The presence of inoperative embodiments within the scope of a claim does not necessarily render a claim nonenabled. The standard is whether a skilled person could determine which embodiments that were conceived, but not yet made, would be inoperative or operative with expenditure of no more effort than is normally required in the art. Atlas Powder Co. v. E.I. du Pont de Nemours & Co., 750 F.2d 1569, 1577, 224 USPQ 409, 414 (Fed. Cir. 1984) (prophetic examples do not make the disclosure nonenabling).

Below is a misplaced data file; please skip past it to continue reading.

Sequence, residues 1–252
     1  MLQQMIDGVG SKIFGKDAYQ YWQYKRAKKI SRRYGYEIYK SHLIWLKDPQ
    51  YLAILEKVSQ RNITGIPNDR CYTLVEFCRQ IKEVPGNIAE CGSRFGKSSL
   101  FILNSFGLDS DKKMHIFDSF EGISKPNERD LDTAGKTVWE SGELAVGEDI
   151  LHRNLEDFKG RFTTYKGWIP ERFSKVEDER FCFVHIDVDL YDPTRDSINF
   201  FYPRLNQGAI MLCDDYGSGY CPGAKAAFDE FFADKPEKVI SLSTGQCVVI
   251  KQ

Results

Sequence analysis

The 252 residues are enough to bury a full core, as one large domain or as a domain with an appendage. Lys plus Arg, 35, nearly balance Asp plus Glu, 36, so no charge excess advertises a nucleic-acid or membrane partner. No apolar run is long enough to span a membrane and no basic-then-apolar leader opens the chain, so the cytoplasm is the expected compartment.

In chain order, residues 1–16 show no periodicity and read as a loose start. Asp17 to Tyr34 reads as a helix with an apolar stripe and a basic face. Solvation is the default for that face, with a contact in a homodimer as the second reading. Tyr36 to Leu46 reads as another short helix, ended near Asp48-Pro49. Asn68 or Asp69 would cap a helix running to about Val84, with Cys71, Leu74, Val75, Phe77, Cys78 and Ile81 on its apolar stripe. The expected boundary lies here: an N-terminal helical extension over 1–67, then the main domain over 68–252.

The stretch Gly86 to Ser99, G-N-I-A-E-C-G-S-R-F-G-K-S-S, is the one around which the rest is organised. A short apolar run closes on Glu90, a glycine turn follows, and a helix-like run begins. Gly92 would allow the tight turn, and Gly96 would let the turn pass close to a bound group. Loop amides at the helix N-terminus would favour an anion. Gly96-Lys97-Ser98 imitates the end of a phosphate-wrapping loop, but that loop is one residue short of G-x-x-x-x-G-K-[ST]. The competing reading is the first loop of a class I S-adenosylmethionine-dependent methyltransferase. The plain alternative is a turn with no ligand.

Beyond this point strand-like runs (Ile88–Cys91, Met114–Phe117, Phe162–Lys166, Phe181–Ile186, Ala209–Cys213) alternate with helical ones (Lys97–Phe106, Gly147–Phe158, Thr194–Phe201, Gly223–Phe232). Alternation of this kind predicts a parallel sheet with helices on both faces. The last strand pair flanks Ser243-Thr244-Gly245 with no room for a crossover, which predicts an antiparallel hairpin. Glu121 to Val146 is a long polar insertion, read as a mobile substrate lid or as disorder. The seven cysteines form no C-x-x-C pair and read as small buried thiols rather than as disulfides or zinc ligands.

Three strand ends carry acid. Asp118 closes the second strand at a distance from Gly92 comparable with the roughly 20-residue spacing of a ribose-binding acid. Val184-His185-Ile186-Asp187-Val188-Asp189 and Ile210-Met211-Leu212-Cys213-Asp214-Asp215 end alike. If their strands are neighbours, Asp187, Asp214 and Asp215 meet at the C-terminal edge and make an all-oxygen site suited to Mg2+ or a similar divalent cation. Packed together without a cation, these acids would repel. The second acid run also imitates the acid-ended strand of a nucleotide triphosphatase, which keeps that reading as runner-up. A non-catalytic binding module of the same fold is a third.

Although, typically, inoperative embodiments are excluded by language in a claim (e.g., preamble), the scope of the claim may still not be enabled where undue experimentation is involved in determining those embodiments that are operable. A disclosure of a large number of operable embodiments and the identification of a single inoperative embodiment did not render a claim broader than the enabled scope because undue experimentation was not involved in determining those embodiments that were operable. In reAngstadt, 537 F.2d 498, 502-503, 190 USPQ 214, 218 (CCPA 1976). However, claims reading on significant numbers of inoperative embodiments would render claims nonenabled when the specification does not clearly identify the operative embodiments and undue experimentation is involved in determining those that are operative. Atlas Powder Co. v. E.I. duPont de Nemours & Co., 750 F.2d 1569, 1577, 224 USPQ 409, 414 (Fed. Cir. 1984); In reCook, 439 F.2d 730, 735, 169 USPQ 298, 302 (CCPA 1971).